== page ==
Cage Cleanup
by Robyn Bright
July 1, 2013
Stocking a solid assortment of cage-cleaning tools and products does more than boost sales—it helps customers keep theirs pets’ environment clean and healthy.

 



 

If there is one thing bird owners can count on, it is that their pets will eat food and generate waste. Dealing with the mess involved does not have to be difficult or labor intensive, but it does have to be consistent and done in a way that keeps the animal healthy. Keeping a bird’s cage clean is extremely important, and the two main areas to deal with are the food dishes and the bottom of the cage.

Food dishes need to be cleaned with soap and water at least twice a week, and water dishes should be done at least every other day, especially when it’s warmer. Dishes should also be sanitized every two weeks or so, which can be done using a five-percent bleach solution. The dishes should soak in the solution for 10 minutes after being cleaned, and then rinsed until all bleach solution has been removed. At home, customers can be even more efficient, if they have at least one extra set of dishes. This way, they can put one set in the dishwasher, where it can be cleaned and sanitized while using the other set, and then switching as needed.

Birds are messy eaters, so the types of dishes used and their placement can help keep the area around the cage—and even the cage itself—cleaner. Some dishes that come with cages have covers, although customers should be aware that these usually solid-colored covers might keep the birds from eating if they are not used to feeding from them. A number of manufacturers, including JW Pet Products in Arlington, Texas, make dishes with a clear cover on the top. There are also dishes that are completely surrounded by a clear-plastic box that helps keep the food or water inside the dish area.

According to Caterina Novotny, director of marketing for Prevue Hendryx Pet Products in Chicago, placing bird skirts—a band of material that has elastic in the edges that goes around the dish area—will also help keep the food inside. Prevue makes three sizes  (small, medium and large) that can cover cages with a diameter from 26 inches up to 100 inches, and they are made of mesh, so the bird can still see through the skirt making them feel more secure.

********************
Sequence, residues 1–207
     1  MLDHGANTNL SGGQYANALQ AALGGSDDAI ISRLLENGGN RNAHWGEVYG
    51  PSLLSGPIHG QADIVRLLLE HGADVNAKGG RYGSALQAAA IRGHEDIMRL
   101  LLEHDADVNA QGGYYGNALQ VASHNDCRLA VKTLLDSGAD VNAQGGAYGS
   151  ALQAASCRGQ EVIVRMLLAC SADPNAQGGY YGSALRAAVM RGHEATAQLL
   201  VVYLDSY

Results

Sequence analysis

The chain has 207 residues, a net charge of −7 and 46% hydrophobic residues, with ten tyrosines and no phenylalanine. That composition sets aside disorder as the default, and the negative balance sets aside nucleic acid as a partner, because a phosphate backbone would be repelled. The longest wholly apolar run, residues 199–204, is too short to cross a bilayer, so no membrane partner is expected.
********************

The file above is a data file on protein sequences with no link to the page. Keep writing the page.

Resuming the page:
Cage guards, which flare out from the cage at the bottom, are also great at keeping food in the cage. Many manufacturers offer models with built-in guards, such as Prevue’s appropriately named Clean Life line of bird cages. While most cages with permanent cage guards are made for larger parrots, Prevue’s Clean Life cages are available in sizes that are perfect for small- to medium-sized birds. They include a pull-out grate and cups located at a lower level to keep the cage and area around it even cleaner.

If the cups that are used in a cage are on a post that screws into the cage bars in different places, a product from First Prize Pet Products—a subsidiary of Pearce Plastics, Inc., in Pasadena, Calif.—has the perfect solution for keeping food from falling out onto the floor. The Smart Guard Quick Locking Shield is a large disc made out of a tough, non-toxic plastic that can be simply and securely fastened behind the dish. Another way to keep the floor cleaner is to place food dishes at the bottom of the cage when possible. Customers must be sure that there are no perches above the dishes, so they will stay clean and not be pooped on by the bird.

The bottom of the cage usually includes a tray and a grate above the tray, as well as the full bottom piece itself. These should be washed as needed—with an emphasis on the grate and tray, usually at least once a week. The bars of the cage should be cleaned as well and most of the time this is done at least once a month.

Considering birds have a highly sensitive respiratory system, any cleaner used around them must be completely non-toxic. AviClean cage cleaner, manufactured by Avictech, based in Frazier Park, Calif., is known to be one of the safest and best cleaners for bird cages on the market—so much so that many pet stores not only recommend this product, they also use it in their own stores.

Besides being safe, a good cage cleaner needs to work well without a lot of effort. “Our AviClean is the most effective cage cleaner on the market at present because it has the most enzymes of any cage cleaner,“ says Janelle Crandell, president of Avitech. “Even the most difficult clean ups are easier and faster. Instructions for use are to spray, walk away and wipe off. No scrubbing, no hours of labor, which leaves the customer more time to enjoy their birds.”

San Francisco-based SeaYu Enterprises’ Lean+Green line includes a product specifically made to clean bird cages. It is a safe cleaner and odor remover that uses natural ingredients to remove bird waste instantly and easily. It is important that retailers always offer safe cleaning products that will make cleaning a cage easier for bird owners at home, otherwise they may not clean the cage as often as necessary.

Recently, I noted a disgustingly dirty bird cage being cleaned in the back of my father’s store. It was obvious the bottom had not been washed out for months, and it had a foul odor, which is not typical, as birds rarely smell. When I asked the employee cleaning it if this was a boarder coming in, he said that it was a customer who just brought their birds and cage in to have the cage cleaned, and that it was not the first time. This is obviously not a good idea, as the birds’ chances of getting sick were quite high considering that they not only have to deal with a dirty cage but they also bear the stress of being brought into a new place. I told the employee to tell the bird owners that they needed to do some cleaning at home more often if they expected their birds to live a long and healthy life.


Robyn Bright has a master’s degree in parrot biology and more than 35 years of pet retailing experience.